Western North Carolina is important in the history of American glass art. Several artists of the Studio Glass Movement came to the region, including its founder Harvey K. Littleton. Begun in 1962 in Wisconsin, it was a student of Littleton’s that first came to the area in 1965 and set up a glass studio at the Penland School of Craft in Penland, North Carolina. By 1967, Mark Peiser was the first glass artist resident at the school and taught many notable artists, like Jak Brewer in 1968 and Richard Ritter who came to study in 1971. By 1977, Littleton retired from teaching and moved to nearby Spruce Pine, North Carolina and set up a glass studio at his home.
Since that time, glass artists like Ken Carder, Rick and Valerie Beck, Shane Fero, and Yaffa Sikorsky and Jeff Todd—to name only a few—have flocked to the area to reside, collaborate, and teach, making it a significant place for experimentation and education in glass. The next generation of artists like Hayden Wilson and Alex Bernstein continue to create here. The Museum is dedicated to collecting American studio glass and within that umbrella, explores the work of Artists connected to Western North Carolina. Exhibitions, including Intersections of American Art, explore glass art in the context of American Art of the 20th and 21st centuries. A variety of techniques and a willingness to push boundaries of the medium can be seen in this selection of works from the Museum’s Collection.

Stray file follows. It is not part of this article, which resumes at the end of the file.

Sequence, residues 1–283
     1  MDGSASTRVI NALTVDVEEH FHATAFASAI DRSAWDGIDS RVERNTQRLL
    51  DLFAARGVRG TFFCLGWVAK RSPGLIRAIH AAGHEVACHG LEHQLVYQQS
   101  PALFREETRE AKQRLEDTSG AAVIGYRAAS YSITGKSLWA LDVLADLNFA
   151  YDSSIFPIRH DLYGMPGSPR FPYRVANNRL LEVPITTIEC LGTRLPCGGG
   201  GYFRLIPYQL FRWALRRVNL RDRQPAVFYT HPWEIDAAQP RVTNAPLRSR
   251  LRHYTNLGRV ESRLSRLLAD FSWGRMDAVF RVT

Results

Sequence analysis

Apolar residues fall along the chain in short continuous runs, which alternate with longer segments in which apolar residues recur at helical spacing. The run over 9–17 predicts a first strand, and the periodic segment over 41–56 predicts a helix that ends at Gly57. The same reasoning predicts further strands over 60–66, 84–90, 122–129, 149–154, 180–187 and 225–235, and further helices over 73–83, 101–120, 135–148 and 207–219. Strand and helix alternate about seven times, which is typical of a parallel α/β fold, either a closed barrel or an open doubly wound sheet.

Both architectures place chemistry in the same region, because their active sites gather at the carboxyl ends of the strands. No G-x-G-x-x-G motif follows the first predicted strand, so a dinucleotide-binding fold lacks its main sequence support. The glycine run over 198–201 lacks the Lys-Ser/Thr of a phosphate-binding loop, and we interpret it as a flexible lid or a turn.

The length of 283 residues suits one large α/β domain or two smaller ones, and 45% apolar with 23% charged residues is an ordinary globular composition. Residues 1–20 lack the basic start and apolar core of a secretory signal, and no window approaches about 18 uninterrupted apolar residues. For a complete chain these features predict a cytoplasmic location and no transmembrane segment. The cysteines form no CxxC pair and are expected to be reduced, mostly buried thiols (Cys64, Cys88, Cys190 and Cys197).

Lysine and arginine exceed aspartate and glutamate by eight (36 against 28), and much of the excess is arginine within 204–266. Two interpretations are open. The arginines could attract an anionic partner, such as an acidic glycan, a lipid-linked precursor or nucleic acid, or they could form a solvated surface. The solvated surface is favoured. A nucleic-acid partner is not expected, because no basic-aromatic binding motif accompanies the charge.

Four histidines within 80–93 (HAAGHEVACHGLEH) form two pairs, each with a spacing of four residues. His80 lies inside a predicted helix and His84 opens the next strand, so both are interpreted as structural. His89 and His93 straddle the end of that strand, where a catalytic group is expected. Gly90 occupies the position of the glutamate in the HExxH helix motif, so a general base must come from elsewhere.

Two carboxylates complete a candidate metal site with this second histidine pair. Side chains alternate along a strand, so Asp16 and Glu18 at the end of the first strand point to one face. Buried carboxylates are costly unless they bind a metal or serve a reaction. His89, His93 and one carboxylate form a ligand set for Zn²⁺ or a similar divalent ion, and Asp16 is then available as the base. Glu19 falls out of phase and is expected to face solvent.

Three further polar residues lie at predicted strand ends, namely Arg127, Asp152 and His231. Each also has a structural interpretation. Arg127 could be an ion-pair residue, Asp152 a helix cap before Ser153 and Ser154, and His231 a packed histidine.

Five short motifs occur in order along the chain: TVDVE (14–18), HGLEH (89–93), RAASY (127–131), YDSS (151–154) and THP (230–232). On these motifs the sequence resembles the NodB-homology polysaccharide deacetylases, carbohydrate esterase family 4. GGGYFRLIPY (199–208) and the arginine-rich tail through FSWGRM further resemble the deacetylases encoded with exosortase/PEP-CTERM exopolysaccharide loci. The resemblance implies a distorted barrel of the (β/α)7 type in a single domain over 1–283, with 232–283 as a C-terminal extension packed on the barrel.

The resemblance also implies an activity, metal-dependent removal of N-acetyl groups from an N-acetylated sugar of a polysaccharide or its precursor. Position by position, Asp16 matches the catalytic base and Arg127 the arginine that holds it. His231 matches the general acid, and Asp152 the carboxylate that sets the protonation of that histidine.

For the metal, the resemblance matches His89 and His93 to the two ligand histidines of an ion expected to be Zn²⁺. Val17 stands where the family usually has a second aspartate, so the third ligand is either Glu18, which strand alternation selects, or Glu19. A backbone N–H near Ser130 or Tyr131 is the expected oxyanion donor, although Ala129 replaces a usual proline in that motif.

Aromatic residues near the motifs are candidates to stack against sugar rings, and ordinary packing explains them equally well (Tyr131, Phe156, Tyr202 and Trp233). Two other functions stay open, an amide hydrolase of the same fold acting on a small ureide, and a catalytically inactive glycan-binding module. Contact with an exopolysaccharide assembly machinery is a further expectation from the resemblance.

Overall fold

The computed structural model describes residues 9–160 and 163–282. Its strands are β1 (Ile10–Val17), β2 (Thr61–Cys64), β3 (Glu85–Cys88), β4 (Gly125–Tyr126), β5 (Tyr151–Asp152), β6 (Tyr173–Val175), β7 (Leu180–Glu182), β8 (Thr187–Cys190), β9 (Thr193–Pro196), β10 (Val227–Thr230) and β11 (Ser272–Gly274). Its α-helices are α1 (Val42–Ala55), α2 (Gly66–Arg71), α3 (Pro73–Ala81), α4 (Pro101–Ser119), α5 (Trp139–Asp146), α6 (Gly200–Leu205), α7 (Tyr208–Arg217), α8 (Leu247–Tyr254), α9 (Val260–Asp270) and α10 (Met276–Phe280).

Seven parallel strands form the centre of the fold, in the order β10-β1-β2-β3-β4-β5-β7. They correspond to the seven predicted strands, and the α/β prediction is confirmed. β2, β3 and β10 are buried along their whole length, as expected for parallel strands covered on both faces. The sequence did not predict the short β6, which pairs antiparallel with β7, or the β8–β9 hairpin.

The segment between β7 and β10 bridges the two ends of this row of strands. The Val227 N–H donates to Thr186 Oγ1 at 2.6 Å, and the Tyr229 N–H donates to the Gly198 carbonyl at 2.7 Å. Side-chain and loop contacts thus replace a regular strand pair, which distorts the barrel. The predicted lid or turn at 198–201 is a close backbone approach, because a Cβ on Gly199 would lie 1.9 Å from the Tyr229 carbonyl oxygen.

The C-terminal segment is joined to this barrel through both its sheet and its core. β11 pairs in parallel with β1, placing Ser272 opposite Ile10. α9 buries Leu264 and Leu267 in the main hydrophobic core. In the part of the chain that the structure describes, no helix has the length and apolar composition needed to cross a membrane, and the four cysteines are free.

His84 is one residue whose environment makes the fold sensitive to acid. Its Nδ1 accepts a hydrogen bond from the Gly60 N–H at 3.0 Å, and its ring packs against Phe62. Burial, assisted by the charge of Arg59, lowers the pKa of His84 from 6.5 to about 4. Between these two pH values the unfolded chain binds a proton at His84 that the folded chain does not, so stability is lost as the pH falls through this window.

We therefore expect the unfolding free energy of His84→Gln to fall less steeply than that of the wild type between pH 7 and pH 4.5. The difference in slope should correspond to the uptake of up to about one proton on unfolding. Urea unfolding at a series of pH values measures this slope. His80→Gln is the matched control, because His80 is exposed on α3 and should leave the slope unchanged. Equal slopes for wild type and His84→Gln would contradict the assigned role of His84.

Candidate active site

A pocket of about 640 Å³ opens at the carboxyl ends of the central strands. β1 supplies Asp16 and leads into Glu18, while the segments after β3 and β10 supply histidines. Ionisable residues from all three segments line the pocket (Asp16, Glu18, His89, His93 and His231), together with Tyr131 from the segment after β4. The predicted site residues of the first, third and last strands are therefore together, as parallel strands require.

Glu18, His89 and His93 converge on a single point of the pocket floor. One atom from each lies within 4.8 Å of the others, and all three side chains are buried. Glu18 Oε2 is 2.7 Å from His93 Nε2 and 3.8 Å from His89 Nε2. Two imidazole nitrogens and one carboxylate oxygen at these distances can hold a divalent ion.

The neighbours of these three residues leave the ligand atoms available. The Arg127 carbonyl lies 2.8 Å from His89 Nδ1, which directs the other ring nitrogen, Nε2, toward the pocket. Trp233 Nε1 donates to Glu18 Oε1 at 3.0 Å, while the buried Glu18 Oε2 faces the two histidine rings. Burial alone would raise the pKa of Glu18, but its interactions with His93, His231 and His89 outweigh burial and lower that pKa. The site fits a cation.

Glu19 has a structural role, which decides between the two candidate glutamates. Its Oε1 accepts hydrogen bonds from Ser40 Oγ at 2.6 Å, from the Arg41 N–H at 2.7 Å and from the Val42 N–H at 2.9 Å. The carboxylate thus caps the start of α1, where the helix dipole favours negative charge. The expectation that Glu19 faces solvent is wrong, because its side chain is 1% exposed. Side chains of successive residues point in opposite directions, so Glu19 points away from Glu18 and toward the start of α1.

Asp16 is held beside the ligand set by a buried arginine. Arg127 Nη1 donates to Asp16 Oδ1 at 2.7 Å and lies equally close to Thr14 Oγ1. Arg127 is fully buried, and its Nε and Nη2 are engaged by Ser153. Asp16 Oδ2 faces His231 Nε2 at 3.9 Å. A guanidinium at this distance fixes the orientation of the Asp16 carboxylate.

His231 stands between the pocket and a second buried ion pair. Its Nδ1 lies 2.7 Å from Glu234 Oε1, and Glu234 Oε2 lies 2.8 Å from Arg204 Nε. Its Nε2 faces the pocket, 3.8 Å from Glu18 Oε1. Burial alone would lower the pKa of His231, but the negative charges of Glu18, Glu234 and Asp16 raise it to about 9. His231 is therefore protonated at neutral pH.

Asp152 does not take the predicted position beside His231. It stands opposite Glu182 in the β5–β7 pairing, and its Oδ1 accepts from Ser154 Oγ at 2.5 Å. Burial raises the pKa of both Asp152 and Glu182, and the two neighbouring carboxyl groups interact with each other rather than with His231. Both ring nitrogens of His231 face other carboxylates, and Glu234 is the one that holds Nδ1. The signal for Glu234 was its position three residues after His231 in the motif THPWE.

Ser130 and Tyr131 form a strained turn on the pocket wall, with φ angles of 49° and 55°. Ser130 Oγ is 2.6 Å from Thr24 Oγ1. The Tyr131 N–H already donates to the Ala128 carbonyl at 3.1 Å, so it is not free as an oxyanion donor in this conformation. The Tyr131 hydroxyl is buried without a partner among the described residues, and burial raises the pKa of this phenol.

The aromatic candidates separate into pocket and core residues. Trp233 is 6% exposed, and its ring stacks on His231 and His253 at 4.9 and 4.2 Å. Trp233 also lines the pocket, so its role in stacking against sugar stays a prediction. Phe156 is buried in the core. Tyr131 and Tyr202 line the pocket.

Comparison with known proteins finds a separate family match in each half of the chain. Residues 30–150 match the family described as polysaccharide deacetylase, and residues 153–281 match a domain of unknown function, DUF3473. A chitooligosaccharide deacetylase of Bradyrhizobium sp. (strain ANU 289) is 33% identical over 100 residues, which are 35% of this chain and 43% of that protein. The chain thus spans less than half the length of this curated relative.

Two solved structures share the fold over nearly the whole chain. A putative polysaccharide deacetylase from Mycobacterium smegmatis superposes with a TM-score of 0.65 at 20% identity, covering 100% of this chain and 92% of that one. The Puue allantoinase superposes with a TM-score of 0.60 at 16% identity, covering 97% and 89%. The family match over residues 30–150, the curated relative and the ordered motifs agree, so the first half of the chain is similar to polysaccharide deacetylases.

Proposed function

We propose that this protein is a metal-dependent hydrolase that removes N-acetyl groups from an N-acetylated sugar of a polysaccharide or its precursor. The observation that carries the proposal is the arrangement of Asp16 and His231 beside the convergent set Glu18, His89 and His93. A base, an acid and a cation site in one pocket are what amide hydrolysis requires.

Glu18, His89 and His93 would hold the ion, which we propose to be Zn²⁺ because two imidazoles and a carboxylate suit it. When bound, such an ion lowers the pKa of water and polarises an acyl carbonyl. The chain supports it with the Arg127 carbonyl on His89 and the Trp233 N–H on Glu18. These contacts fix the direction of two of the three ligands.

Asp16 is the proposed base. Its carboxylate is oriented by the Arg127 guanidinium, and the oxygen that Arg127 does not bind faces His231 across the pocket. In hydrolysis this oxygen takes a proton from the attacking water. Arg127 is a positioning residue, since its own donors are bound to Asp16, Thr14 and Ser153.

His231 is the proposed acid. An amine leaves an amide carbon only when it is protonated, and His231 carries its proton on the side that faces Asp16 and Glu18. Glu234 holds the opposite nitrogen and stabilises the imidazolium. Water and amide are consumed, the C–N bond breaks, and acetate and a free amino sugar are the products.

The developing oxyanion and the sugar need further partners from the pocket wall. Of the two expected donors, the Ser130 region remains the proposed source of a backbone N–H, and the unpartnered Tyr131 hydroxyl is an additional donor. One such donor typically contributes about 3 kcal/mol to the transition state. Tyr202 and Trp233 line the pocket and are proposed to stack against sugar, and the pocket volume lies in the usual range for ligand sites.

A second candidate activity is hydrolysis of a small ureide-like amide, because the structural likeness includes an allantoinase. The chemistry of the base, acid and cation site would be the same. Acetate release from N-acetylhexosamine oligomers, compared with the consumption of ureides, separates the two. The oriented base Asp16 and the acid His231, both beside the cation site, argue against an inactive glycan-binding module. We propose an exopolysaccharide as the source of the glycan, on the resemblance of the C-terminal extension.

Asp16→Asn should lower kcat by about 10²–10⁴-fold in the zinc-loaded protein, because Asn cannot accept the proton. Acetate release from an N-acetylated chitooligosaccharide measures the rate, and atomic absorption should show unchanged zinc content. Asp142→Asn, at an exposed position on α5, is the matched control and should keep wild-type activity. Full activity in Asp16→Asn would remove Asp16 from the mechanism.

Asheville Art Museum